In the past, “... consumer-citizens... were obligated to be selective and to use their buying power as an economic lever to force industry to improve its offerings” (Stitziel, Fashioning Socialism). We have lost touch with realising that we hold the power to control what is produced. Fashion brands are constantly looking to the future to predict what the consumer will ask for next. What if the future asked for nothing more than what we already had? What if we asked for experiences and quality that would outlive our own wardrobes?
“The East German clothing industry’s failure to produce fashionable apparel prompted especially women and youth to cover their needs for fashionable clothing...” in West Berlin, resulting in purchases that “...naturally [had] political and financial-political consequences” (Stitziel, Fashioning Socialism). The concept of purchasing purely based on superficial pursuits can still be seen as one of the largest blocks standing in the way of fully integrating sustainability into the industry today.
Freedom of Self-Expression as a Solution to Frivolous Consumption
According to Judd Stitziel, Ulbricht implored that East German consumers wanted the right to select their styles and enjoyed the freedom it bestowed upon them. After the fall of the wall, it can be seen that East Berlin became a hub of eclectic fashions wanting to express themselves after being repressed for years.
When an abundance of raw self-expression within a community exists, perhaps there is less frivolous consumption. Self-expression is the key to putting consumers in touch with their fashion purchases. A new and improved kind of consumption framework is needed; something along the lines of a conscious democracy with the core intention to supply the planet and humanity with the equity it so righteously deserves.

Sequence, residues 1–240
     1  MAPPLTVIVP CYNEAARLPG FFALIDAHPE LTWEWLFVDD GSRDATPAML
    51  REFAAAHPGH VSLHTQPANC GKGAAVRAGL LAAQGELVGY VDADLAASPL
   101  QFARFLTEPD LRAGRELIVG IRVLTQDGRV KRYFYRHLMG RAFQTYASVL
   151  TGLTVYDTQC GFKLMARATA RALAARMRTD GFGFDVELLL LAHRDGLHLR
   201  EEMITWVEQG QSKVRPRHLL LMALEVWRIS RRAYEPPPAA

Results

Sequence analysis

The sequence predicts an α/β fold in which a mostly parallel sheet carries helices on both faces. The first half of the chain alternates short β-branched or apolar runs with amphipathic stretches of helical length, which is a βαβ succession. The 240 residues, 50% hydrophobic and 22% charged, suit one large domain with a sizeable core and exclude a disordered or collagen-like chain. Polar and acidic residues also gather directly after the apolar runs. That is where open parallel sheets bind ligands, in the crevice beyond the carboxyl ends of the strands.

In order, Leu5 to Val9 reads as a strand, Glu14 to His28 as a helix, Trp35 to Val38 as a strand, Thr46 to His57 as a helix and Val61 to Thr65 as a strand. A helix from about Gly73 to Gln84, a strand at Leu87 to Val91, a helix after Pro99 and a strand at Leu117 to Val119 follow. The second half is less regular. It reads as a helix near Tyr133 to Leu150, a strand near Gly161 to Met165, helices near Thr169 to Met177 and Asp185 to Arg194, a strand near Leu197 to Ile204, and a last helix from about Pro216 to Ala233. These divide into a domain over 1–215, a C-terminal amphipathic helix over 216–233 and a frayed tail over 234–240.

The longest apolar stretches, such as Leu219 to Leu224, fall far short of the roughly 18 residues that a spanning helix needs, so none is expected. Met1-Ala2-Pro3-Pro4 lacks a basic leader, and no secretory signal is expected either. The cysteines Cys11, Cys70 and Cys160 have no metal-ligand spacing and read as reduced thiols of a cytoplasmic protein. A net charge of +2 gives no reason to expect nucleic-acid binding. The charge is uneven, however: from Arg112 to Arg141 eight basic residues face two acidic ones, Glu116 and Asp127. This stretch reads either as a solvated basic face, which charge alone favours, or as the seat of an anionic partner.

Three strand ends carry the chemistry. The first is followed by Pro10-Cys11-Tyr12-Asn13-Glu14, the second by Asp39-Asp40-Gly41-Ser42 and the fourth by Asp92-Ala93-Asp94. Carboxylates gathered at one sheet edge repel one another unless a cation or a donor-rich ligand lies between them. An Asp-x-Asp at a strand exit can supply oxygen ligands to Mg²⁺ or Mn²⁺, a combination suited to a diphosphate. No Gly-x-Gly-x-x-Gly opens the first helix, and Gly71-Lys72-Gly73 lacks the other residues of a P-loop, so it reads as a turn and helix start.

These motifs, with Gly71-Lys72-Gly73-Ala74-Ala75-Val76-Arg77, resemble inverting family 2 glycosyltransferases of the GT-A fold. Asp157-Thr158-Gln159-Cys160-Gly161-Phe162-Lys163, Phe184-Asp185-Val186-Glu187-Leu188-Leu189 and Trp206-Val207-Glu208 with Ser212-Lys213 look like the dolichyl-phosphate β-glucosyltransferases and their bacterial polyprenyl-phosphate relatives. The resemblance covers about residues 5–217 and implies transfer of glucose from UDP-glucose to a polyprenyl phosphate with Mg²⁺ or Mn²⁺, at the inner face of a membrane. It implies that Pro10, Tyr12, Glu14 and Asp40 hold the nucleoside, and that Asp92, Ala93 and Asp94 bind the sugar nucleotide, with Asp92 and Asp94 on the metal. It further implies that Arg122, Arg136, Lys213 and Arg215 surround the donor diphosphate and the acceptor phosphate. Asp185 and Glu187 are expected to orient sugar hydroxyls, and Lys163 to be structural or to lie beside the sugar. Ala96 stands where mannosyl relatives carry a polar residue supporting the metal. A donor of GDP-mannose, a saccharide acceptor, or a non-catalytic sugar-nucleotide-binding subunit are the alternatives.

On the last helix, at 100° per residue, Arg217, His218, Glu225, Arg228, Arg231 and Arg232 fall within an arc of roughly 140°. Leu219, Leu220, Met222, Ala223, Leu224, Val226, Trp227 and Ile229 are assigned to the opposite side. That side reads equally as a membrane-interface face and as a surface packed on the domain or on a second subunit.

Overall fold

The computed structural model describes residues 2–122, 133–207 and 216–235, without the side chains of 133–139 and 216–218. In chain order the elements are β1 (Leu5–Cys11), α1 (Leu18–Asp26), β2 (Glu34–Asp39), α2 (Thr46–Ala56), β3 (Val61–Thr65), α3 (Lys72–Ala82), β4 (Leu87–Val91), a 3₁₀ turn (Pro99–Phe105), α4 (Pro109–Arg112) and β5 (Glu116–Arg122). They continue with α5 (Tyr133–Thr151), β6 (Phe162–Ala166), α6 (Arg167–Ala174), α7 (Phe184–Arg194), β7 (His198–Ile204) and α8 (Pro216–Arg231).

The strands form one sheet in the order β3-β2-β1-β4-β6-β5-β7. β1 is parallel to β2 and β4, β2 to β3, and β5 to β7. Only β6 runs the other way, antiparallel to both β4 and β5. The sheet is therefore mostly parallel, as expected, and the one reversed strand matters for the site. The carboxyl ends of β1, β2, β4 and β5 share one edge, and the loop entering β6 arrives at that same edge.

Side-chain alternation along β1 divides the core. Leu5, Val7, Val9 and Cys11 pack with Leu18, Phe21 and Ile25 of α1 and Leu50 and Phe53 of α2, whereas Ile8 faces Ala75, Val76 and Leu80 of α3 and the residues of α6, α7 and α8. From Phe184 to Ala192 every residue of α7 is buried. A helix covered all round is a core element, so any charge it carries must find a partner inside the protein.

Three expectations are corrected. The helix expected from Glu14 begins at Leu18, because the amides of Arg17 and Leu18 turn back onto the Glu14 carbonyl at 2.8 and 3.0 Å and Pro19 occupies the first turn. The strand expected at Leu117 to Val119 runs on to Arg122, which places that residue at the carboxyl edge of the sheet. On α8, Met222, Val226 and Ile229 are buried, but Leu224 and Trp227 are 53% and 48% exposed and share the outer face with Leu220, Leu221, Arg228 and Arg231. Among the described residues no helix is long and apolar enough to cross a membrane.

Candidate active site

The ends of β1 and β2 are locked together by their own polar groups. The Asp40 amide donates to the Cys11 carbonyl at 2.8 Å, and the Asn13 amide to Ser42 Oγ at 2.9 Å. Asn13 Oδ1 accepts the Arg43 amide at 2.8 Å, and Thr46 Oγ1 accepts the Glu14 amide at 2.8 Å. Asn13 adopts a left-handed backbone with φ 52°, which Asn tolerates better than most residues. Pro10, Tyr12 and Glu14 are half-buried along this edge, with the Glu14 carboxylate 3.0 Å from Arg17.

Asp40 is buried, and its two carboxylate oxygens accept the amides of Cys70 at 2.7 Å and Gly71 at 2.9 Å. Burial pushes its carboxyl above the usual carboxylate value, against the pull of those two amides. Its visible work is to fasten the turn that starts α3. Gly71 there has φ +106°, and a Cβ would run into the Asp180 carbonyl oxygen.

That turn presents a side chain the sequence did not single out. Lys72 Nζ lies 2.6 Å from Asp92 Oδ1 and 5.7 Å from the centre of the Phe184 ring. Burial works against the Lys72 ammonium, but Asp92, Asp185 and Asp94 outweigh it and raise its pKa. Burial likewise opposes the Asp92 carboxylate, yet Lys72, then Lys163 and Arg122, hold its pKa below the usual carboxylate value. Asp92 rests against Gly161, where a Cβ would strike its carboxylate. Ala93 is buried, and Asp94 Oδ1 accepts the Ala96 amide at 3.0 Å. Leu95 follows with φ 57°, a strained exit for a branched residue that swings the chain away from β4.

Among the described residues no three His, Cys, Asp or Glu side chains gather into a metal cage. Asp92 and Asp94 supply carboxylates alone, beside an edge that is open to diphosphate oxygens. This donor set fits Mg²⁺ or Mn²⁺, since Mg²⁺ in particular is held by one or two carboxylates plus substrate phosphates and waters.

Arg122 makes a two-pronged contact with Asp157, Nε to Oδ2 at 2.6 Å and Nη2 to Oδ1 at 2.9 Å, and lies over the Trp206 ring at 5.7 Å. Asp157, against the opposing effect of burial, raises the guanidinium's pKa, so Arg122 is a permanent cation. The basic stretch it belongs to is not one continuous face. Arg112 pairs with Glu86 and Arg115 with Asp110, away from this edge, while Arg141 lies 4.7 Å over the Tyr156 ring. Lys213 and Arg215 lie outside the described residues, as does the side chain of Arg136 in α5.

The Responsibility of the Fashion Industry
“The annual collections designed within the socialist central fashion institutions condensed real time into an ever-repeating, controlled cycle. The socialist predilection towards stability implied the design and production of conventional, repetitive clothes. The Chanel suit—classical, elegant and timeless—corresponded to this slow flow of time” (Djurda Bartlett, Sean Cole, and Agnès Rocamora, Fashion Media). This history serves as a framework to understand the industry’s selection of what is deemed fashionable. Under socialism, the East selected carefully what to portray to the public, based on what fit in the category of a slow-paced version of fashion. It is up to the fashion industry to come together to promote these brands which are slower moving and fit into the category of conscious and sustainable fashion.
In a digital age, there is no excuse for a lack of creativity. There are ideas, references and sources all around us. We must use this to our advantage to fashion a new industry which thrives and exists through creative expression rather than purchases. This not only stimulates the conscious decision making of the consumer, but also stimulates and informs a new mentality to support a fashion industry which rises to a higher consciousness.